(UNTITLED), an original film satire of New York’s avant-garde art scene, will appear in theaters across the nation this fall. By poking fun at the idiosyncrasies of 21st century Bohemia, (UNTITLED) introduces American audiences to some of the best that contemporary art has to offer, notably a score by Pulitzer Prize-winning composer David Lang, who merges the artistic expressions of the composer protagonist with his own musical voice.
(UNTITLED) revolves around melancholy composer Adrian (Adam Goldberg) and his whirlwind affair with a Chelsea gallerist (Marley Shelton), who unbeknownst to Adrian sells vacuous commercial works to high-paying corporate clients. The film explores the idea of true art and the question of integrity lost through commercialism – all with tongue in cheek. At the beginning, Adrian’s music comprises cliché contemporary classical music elements, such as crinkling paper and breaking glass. Once his perspective and emotions achieve depth and insight through his blossoming romance, his music becomes more profound.
John Clare had a chance to send questions to both David Lang and Adam Goldberg. In the second part (part 1 is here with David Lang), John Clare finds out more about (UNTITLED) from its star, Adam Goldberg.
1. Often with a joke, there is some seriousness or truth behind it. Is there some truth to this movie even though there is some fun being poked?
Well, actually upon my last viewing of it, the second time I watched it with an audience, albeit at LACMA–the perfect audience–it seemed to have a real weight to it. The film sort of takes a turn once the absurdity is established I think. For me the film really has always been about this righteous indignation, this sort of defensiveness of one’s position–whether as an artist or a audience member or a critic or an art dealer, in this case–that really is front for enormous insecurity. These characters are all wayward and tend to overcompensate with very stringent , often absurd, points of view.
2. There are some outrageous sounds and art. How does your taste run in real life – in both “new concert music” and “art”?
I definitely have always been obsessed with sound and strange sounds and repetition, but usually incorporated into something melodic or hypnotic in some way. I have for a long time been a fan of Steve Reich–whose work began with simple tape loops and phasing of found material, but eventually he applied this process to beautiful symphonic pieces. I have also been a fan of some conceptual art, but usually when it engages the viewer, interacts with him or her in some way or tells a story. I don’t like things that seem to aim merely to shock or to alienate. Basically if it moves me or I can relate to it in some way then, well, I like it.
3. David Lang is a Pulitzer Prize winner and incredibly gifted composer, but unfortunately not a household name – how was he chosen for the movie, and how was collaboration with Untitled?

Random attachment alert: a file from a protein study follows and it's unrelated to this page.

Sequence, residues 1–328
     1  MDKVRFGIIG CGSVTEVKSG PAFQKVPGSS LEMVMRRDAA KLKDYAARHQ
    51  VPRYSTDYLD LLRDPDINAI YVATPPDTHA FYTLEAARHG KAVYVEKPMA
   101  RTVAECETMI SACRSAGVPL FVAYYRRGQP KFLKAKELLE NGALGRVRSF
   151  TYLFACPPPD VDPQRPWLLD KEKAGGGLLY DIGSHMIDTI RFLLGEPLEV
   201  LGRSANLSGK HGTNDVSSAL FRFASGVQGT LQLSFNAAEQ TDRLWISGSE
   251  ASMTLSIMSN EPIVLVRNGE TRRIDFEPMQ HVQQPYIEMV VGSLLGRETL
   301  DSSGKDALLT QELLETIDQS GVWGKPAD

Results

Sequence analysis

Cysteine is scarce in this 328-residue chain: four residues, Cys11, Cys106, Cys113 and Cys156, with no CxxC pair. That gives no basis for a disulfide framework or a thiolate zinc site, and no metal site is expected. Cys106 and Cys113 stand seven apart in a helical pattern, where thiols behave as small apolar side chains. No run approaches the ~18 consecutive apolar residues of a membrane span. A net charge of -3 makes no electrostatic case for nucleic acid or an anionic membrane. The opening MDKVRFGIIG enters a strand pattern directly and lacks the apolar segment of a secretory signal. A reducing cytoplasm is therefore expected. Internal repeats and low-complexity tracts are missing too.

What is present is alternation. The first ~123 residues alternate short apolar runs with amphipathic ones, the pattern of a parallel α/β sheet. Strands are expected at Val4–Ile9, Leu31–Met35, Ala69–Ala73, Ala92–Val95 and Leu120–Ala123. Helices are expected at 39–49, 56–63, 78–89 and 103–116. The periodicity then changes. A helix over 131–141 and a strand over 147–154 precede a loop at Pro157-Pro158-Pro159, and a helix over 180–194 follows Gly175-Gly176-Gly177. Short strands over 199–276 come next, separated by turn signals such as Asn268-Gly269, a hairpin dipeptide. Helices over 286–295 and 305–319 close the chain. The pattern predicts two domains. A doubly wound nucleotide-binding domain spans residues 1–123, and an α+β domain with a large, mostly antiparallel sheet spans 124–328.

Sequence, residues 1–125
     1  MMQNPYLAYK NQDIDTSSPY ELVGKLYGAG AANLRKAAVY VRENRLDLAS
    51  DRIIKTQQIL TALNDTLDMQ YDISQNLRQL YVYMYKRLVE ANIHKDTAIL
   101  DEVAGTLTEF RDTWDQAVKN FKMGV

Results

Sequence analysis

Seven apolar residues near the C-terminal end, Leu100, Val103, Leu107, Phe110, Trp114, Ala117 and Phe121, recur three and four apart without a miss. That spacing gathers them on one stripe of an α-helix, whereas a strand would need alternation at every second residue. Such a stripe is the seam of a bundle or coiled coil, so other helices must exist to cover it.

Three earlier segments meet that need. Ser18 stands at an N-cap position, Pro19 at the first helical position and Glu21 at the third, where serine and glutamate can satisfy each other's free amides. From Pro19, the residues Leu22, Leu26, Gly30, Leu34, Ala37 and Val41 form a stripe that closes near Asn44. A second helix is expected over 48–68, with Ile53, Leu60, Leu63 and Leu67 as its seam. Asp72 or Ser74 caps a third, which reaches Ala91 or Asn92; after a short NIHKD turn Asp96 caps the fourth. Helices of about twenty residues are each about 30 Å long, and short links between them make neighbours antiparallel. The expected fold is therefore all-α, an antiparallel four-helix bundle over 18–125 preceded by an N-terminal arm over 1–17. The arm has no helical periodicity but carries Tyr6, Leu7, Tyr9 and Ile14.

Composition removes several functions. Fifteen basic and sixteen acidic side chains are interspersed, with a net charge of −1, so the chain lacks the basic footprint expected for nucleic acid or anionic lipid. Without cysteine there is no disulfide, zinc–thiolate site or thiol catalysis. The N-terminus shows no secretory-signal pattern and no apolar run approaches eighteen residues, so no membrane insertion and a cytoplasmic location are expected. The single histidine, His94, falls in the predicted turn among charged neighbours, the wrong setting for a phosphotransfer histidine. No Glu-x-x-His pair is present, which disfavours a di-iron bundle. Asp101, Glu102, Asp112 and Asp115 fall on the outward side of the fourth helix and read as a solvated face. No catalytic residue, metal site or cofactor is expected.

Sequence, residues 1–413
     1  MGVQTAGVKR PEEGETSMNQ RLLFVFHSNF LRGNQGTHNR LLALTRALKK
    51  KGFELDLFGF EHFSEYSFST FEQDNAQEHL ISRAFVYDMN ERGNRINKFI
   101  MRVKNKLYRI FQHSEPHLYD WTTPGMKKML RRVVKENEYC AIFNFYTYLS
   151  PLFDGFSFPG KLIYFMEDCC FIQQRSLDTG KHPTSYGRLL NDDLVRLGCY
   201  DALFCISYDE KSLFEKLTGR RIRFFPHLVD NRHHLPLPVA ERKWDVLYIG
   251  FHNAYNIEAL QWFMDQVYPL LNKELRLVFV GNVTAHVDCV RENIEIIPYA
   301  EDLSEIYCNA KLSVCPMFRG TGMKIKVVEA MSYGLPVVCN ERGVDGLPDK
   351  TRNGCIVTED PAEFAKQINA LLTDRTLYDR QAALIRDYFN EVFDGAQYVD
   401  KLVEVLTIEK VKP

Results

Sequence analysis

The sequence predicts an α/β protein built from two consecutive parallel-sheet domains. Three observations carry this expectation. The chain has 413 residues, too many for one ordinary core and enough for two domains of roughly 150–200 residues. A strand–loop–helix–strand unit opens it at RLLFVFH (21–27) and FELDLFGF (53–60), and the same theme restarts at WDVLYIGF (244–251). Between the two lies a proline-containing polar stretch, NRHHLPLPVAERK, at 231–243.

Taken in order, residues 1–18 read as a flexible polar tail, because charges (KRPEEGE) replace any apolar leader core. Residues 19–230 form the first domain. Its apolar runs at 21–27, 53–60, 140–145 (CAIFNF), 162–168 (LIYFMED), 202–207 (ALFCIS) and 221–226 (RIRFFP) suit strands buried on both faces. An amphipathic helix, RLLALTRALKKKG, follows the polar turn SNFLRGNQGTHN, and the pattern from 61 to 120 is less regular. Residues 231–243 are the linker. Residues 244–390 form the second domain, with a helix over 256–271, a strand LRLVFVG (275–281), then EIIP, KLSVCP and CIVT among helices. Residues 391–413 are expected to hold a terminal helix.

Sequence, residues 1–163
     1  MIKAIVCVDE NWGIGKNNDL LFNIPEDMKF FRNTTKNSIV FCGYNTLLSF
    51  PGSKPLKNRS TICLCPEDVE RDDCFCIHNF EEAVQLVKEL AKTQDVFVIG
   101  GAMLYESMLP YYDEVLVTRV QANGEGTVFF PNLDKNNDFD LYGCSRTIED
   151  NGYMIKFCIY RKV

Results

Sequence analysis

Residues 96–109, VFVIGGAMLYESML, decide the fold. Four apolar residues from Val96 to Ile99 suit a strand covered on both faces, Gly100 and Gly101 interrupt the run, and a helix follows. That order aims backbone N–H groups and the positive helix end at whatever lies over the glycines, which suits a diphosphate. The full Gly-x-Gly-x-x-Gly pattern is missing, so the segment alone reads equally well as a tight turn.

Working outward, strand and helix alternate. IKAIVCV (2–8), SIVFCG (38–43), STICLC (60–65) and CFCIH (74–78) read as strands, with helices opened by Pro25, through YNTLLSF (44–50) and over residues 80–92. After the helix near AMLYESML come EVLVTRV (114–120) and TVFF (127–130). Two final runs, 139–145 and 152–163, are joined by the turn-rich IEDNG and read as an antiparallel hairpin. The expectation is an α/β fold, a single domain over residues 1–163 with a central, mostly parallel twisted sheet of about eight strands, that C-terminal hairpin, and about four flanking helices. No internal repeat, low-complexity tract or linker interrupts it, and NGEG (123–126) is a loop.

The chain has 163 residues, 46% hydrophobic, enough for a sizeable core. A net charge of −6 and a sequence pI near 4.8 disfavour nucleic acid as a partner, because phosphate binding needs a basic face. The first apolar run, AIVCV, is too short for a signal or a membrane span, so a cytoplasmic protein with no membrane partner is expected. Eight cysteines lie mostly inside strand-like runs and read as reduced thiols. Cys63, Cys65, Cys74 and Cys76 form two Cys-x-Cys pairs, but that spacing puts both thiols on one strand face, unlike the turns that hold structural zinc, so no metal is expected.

I believe Jonathan, the director, knew David from music school. He had an interesting job, both to score the film and create the ‘sound’ pieces our little group performs–though in the end it was so bizarrely structured and arranged that we could often only barely perform to playback so much of the “music” we’re making we actually are making. David also served I think as a bit of a consultant to Jonathan when he was writing this, creating my character. I love David’s music and this score is quite beautiful I think.
4. What is the possibility of Untitled 2, or Untitled – the Showtime series?
5. There have been quite a few composers in pop culture these days, from “Forgetting Sarah Marshall” (Jason Segal) to “Mr. Magorium’s Wonder Emporium” (Natalie Portman’s piano/composer) and the likes of Paul McCartney & Billy Joel writing new classical music. Is composition a new cool as nerds (think Big Bang Theory) are?
Hmmm….I’ve never thought “Big Bang Theory.” Well, I remember years ago Elvis Costello put out a sort of classical record with the Brodsky Quartet that was pretty innovative. Conversely, Philip Glass many many years ago started I think to incorporate a sort of popular music element–singing an so forth–into his music. I think there’s always been some overlap. I saw a great piece that a childhood friend of my girlfriend’s put on. Michael Einziger from Incubus of all things. It was fantastic, sort of Reich meets Bernard Hermann. I think there’s something that feels for lack of a better word “legitimate” about working with classical elements. I know that some of the stuff musically I’ve done musically, with my project LANDy, that I’ve been most proud of incorporates some classical elements–arrangements of strings and that sort of thing. Albeit I’m usually humming the arrangements like a crazy person to the poor violinists.